This year is all on the roll-ups. No, not those fruity snacks you used to find in your lunchbox; roll-ups are the aggregation of smaller firms into larger firms, creating a potentially attractive path for equity value.
Right now all eyes are on Thrasio, the fastest company to achieve unicorn status, and its group of competitors, such as Heyday, Branded and Perch, all vying to become the modern model of consumer packaged goods (CPG) companies.
To make matters even more interesting, famous investor and operator Keith Rabois recently announced that he working on a roll-up concept called OpenStore with Atomic co-founder Jack Abraham.
Like any investment firm, to be successful a roll-up must have a thesis or two providing it with a consistent strategy across its portfolio.
Thrasio reaped the benefits of the Cambrian e-commerce market explosion in 2020, in which more than $ 1 billion in capital was invested in companies with a mission to acquire independent Amazon sellers and brands.
This catalyst can be attributed to a few key factors, the first and most notable being the pandemic accelerating spending on Amazon and e-commerce more broadly. Then comes the low cost of capital, a reflection of the interest rates that make the markets overflowing with liquidity; this facilitated the raising of equity and debt capital.
The third is about emerging, quantifiable proof of concept: Thrasio is one of many to raise hundreds of millions of dollars, and Anker, a brand primarily from Amazon, has gone public. Both stories provided further validation that a meaningful brand can be built in the Amazon marketplace.
However, the interest in creating value through e-commerce brands is particularly striking. Just a year ago, digital native brands fell out of favor with venture capitalists after so many people failed to create company-wide returns. So what is the hype about?
Roll-ups are another flavor of investing
Roll-ups are not a new concept; they’ve been around for a while. In the offline world, roll-ups often reach much larger output multiples, known as “multiple arbitrationâ, So it’s no surprise that the trend is catching on online.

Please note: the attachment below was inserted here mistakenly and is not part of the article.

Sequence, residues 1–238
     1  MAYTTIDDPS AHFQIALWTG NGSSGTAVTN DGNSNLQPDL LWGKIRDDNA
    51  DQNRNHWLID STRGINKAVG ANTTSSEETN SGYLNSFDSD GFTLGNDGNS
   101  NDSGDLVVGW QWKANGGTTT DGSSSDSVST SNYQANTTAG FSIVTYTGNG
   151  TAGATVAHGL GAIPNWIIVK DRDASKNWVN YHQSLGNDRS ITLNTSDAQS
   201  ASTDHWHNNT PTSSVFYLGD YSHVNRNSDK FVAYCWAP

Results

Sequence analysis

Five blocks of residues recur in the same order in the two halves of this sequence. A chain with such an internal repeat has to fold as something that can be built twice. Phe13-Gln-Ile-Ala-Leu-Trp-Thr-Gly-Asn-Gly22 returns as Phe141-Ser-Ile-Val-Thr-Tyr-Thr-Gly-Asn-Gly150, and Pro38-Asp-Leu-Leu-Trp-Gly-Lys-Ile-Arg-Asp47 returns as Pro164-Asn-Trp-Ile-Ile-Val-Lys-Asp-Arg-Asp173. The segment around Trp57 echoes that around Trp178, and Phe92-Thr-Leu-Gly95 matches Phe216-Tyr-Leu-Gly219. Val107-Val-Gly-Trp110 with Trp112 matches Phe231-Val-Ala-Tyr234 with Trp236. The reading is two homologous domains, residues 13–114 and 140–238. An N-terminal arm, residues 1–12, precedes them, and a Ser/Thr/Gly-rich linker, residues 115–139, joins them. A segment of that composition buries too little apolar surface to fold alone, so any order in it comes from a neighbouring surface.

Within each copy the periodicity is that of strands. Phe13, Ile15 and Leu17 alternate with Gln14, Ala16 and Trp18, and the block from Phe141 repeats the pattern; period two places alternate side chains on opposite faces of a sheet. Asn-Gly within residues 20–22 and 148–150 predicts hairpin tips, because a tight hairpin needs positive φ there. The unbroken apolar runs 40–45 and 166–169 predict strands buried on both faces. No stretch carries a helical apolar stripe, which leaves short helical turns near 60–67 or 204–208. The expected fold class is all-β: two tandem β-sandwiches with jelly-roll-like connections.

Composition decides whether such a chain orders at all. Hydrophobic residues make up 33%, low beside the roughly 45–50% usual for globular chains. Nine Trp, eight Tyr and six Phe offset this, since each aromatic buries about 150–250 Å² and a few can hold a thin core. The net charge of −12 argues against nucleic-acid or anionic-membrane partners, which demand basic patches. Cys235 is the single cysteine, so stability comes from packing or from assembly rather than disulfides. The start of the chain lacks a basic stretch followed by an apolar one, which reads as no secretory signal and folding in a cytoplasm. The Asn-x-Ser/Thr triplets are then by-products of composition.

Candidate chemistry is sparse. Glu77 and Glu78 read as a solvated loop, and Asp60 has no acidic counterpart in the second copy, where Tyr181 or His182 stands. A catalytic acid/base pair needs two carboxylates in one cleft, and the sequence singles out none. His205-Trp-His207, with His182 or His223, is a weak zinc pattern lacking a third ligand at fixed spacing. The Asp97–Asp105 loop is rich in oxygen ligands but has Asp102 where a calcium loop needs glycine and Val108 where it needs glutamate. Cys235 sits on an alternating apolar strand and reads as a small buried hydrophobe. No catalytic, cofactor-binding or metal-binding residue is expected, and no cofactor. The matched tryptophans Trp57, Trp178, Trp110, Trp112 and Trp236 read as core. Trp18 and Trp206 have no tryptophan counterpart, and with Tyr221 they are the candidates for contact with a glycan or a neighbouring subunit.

Historically, however, roll-ups have not been very successful; HBR notes that more than two-thirds of racks fail to create value for investors. While roll-ups are often effective in building larger businesses, they don’t always increase profits or operating cash flow.
Acquirers, i.e. those who combine smaller companies, must discover new operational approaches for their acquired companies in order to increase equity value, and the only way to increase equity value is to increase operating cash flow. There are four ways to do this: reduce overhead, reduce operating costs without sacrificing price or volume, increase prices without sacrificing volume, or increase volume without increasing unit costs.
Ecommerce could present a new and different opportunity, or at least that’s what investors and smart money are betting on. Let’s explore how this new wave of roll-ups addresses both growth and value creation.
Channel your enthusiasm: why every roll-up needs a thesis
Like any investment firm, to be successful, a roll-up must have a thesis or two providing it with a consistent strategy across its portfolio. There are a few that are all the rage in this particular wave.
The first is the main distribution channel on which a business grows. Evaluating companies with a common distribution channel can be useful in creating economies of scale, focusing marketing and growth resources in one specific channel rather than diluting resources over several.
However, these companies become dependent on this distribution strategy and any change could create vulnerabilities for the companies in their portfolio. As a study, let’s take a look at how two companies take different approaches: